ARCY1001 Great Discoveries in Global Archaeology
- 6 points
Availability Location Mode Semester 1 UWA (Perth) Face to face
- Details for undergraduate courses
- Level 1 core unit in the Archaeology major sequence
- Category A broadening unit for Bachelor of Arts students where relevant according to the broadening requirements for each student
- Level 1 elective
- This unit introduces the philosophical and scientific concepts and techniques that archaeologists use to understand the human past and its relationship to the world today. Students learn how archaeologists identify, date, analyse, interpret and manage artefacts and sites. These skills are taught using over 40 examples of 'great discoveries' from around the world such as: 3.3 million year-old stone tools from Africa, the site of Homer's Troy at Hissarlik in Turkey, ancient DNA from Indigenous Australians, and even how war and conflicts affects the world's cultural heritage and how we manage it. This unit is an essential first step in learning how to think like an archaeologist and teaches core practical and conception skills. In parallel, the unit provides students with a global cultural context in which to understand both past human life and the contemporary ethics and awareness of dealing with sensitive issues of cultural heritage. It is a unit that is both worthwhile, and fun!
- Students are able to (1) identify the main materials of archaeology and how they are preserved; (2) describe the main recording, dating and analysis techniques used in archaeological investigations; (3) explain how archaeologists reconstruct past human behaviour from material remains; (4) describe the types of questions that have driven archaeological research; (5) describe the development of archaeological theory, method, ethics and global cultural awareness; (6) demonstrate their awareness of the ethical context in which archaeology is practiced; (7) write according to scientific conventions and be familiar with different forms of archaeological description; and (8) develop communication skills in group discussions.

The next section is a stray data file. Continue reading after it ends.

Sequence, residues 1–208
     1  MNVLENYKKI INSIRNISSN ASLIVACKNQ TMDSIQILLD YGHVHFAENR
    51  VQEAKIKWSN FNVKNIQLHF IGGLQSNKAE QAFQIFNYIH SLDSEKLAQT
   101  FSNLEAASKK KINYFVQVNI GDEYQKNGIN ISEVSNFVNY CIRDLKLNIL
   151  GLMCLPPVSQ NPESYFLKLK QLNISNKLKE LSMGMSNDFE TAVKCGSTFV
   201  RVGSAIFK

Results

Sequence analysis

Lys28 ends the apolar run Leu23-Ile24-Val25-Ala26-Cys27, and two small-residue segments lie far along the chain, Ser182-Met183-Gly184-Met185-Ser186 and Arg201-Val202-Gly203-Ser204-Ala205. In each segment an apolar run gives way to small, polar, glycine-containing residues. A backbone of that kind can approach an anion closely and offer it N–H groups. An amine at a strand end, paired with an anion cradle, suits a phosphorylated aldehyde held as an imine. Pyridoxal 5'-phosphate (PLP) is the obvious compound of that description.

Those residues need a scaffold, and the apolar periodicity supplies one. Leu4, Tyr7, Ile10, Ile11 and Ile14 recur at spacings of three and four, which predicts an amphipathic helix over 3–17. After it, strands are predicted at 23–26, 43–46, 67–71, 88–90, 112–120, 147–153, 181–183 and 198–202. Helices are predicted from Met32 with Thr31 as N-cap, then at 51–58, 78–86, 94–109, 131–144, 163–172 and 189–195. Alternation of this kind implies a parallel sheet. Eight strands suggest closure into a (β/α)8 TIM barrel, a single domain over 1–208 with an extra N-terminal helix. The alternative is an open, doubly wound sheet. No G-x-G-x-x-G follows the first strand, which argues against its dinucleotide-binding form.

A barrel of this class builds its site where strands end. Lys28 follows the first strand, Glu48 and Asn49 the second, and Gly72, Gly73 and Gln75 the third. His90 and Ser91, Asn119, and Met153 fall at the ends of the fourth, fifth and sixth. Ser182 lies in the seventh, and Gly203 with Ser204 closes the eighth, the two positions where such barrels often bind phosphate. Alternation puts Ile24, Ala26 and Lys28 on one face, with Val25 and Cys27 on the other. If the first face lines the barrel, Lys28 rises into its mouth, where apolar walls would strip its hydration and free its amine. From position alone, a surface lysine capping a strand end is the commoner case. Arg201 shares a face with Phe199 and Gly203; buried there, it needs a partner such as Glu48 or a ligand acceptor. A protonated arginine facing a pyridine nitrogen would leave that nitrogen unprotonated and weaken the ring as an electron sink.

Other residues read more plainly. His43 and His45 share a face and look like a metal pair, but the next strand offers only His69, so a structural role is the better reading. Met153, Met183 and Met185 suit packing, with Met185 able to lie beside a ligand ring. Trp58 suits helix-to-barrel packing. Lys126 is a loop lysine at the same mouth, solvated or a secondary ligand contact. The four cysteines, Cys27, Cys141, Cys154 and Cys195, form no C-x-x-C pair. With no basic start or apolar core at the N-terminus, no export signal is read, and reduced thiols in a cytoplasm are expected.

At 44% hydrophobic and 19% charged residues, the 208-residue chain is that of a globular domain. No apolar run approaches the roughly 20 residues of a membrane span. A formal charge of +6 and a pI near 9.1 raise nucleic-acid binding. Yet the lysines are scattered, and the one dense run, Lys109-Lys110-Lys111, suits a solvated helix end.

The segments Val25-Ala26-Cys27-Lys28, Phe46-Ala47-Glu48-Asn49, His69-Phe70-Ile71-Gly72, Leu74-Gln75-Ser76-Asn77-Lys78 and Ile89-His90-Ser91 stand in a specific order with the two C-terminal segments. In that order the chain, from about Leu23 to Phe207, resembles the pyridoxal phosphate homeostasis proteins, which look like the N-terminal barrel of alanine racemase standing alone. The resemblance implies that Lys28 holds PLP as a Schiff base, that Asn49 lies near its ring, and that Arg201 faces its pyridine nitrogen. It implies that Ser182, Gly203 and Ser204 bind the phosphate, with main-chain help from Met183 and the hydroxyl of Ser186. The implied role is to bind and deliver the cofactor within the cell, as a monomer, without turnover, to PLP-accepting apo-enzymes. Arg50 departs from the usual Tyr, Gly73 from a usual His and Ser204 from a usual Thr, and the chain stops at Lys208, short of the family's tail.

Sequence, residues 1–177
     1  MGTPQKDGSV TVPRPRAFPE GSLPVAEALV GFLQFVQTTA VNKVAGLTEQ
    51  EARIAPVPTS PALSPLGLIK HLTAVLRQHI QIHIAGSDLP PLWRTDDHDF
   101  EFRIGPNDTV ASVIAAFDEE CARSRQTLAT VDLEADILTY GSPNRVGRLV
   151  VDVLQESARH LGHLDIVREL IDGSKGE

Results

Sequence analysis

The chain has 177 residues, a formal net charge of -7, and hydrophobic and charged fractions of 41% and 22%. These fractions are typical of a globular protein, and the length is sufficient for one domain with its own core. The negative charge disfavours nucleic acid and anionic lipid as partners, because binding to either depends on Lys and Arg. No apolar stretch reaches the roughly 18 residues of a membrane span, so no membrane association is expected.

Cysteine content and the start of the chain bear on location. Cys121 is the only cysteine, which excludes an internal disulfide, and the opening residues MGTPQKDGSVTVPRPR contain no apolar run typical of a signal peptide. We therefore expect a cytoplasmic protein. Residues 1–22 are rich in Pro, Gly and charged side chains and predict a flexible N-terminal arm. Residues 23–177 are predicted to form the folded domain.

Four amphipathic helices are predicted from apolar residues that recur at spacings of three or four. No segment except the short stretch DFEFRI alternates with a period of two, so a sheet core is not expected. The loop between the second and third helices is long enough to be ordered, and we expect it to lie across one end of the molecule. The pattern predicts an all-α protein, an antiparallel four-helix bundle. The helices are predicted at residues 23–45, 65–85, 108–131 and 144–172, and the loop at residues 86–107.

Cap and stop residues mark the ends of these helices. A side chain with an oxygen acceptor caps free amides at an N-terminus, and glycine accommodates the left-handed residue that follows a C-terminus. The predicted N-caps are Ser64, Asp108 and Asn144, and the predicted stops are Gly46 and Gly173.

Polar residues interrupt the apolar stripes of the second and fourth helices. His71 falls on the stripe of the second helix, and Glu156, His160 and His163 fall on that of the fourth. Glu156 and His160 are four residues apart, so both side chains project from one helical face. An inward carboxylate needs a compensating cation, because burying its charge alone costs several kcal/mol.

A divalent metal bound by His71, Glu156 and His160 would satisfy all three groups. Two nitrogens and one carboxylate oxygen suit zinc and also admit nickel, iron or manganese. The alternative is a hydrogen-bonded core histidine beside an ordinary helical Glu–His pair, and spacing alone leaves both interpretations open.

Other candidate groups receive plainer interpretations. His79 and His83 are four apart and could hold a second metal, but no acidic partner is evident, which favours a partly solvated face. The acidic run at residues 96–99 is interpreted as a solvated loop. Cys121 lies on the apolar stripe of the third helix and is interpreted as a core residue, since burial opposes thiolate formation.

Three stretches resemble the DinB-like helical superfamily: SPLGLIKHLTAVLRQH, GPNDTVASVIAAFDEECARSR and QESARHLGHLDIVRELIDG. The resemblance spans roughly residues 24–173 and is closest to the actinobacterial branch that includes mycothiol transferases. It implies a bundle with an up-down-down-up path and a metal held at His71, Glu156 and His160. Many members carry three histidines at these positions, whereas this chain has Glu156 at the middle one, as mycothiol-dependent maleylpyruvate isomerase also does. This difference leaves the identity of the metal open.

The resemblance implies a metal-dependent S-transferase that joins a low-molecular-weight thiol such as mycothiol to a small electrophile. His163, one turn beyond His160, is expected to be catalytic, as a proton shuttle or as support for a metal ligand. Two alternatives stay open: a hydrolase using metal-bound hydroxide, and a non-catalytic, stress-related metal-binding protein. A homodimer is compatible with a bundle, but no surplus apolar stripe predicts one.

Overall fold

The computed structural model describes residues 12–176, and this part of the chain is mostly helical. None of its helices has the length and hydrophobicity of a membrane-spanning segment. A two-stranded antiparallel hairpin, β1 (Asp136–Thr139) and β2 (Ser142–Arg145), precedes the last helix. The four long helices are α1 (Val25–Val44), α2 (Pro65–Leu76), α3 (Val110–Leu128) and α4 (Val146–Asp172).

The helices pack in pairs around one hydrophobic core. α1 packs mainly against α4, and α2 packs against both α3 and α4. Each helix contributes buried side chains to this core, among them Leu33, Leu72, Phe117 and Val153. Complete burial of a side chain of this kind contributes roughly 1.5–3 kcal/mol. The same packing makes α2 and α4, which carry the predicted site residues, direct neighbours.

- Typically this unit is assessed in the following ways: (1) quizzes; (2) tutorial assignments; and (3) essay. Further information is available in the unit outline.
Supplementary assessment is not available in this unit except in the case of a bachelor's pass degree student who has obtained a mark of 45 to 49 overall and is currently enrolled in this unit, and it is the only remaining unit that the student must pass in order to complete their course.
- Unit Coordinator(s)
- Associate Professor Martin Porr
- Unit rules
- ARCY1101 Digging up the Past
- Contact hours
- lectures: 2 x 45 minutes; tutorials: 1 x 45 minutes per week (attendance compulsory)
- Note that the weekly 90-minute lectures involve in-class practical activities that are fun and that develop student's archaeological skills.
Renfrew, C. and Bahn, P. Archaeology: theories, method and practice, 7th edn: Thames & Hudson 2016
- The availability of units in Semester 1, 2, etc. was correct at the time of publication but may be subject to change.
- All students are responsible for identifying when they need assistance to improve their academic learning, research, English language and numeracy skills; seeking out the services and resources available to help them; and applying what they learn. Students are encouraged to register for free online support through GETSmart; to help themselves to the extensive range of resources on UWA's STUDYSmarter website; and to participate in WRITESmart and (ma+hs)Smart drop-ins and workshops.
- Books and other material wherever listed may be subject to change. Book lists relating to 'Preliminary reading', 'Recommended reading' and 'Textbooks' are, in most cases, available at the University Co-operative Bookshop (from early January) and appropriate administrative offices for students to consult. Where texts are listed in the unit description above, an asterisk (*) indicates that the book is available in paperback.